The other day, my heating guy removed our old system (completely) and installed a new system (Weil Mclain Gas-Fired Water Boiler) along with a new water tank. He said we didn't need all these 'elbows' on the new system and he wanted to redo everything. He's passionate about his work. Last week one zone stopped working. He fixed it by letting some air out. Then another zone wouldn't work and he fixed it. Now the same second zone isn't working.

The home has 2 zones top floor / lower floor. Upstairs has a control unit just for heat and another just for A/C. They are seperate thermostats. Same for the first floor. One unit for A/C, and one unit for heat. This is just how the builder did it many years ago. There might be some reasons for this but I am not entirely sure as to why. Big home? 120 ft long?

When the HVAC guy was hooking up the thermostats to test out the system he was caught off guard when he noticed we had 4 thermostat controllers providing for two zones.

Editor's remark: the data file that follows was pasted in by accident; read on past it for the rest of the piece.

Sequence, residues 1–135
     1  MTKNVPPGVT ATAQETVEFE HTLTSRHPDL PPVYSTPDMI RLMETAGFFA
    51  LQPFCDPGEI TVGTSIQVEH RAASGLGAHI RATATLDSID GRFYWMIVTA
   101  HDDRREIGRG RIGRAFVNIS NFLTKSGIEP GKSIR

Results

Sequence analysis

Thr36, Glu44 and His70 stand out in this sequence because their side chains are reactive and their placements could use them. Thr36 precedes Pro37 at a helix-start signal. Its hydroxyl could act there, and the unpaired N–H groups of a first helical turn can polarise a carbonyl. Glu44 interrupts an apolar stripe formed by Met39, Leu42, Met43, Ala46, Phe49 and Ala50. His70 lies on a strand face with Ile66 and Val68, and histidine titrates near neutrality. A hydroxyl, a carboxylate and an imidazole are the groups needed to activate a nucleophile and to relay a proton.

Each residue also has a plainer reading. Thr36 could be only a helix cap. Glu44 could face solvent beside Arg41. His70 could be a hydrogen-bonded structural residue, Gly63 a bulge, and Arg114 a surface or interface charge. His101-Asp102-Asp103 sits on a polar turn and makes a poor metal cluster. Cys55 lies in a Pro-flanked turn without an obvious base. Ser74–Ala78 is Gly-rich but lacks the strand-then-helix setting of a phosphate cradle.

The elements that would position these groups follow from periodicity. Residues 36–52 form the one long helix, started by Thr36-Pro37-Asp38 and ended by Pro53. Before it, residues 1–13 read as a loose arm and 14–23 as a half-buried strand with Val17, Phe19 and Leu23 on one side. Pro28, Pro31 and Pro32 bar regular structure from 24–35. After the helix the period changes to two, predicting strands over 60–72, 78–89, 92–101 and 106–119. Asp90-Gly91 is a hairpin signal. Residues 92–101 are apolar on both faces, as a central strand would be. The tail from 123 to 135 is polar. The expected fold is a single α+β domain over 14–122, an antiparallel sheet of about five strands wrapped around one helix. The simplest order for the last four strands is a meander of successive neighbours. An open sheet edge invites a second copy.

Here's a photo of new setup.

the new set up recently installed

  • What model boiler? Commented Jan 6, 2017 at 5:16

1 Answer 1


Probably still have air in the system.

The circulating pumps on these do not provide much head pressure and cannot overcome significant accumulations of air in any vertical return lines.

If you have baseboard radiators with air bleed valves near the high spots then crack those open to vent until no air and only water comes out (with all zones circulating and also assuming your make-up water connection works correctly). If you do not have the luxury of strategically placed accessible air bleeds then someone will need to properly flush air out by closing the loop across the boiler and flushing line pressure water in one side at high velocity while draining it out the other side across all zones until all the air is purged.

The separate heat/cool thermostats are likely because the original installer did not want to deal with integrating separate boiler and a/c controls into a single thermostat, which would have required slightly more complicated control work than is typical.

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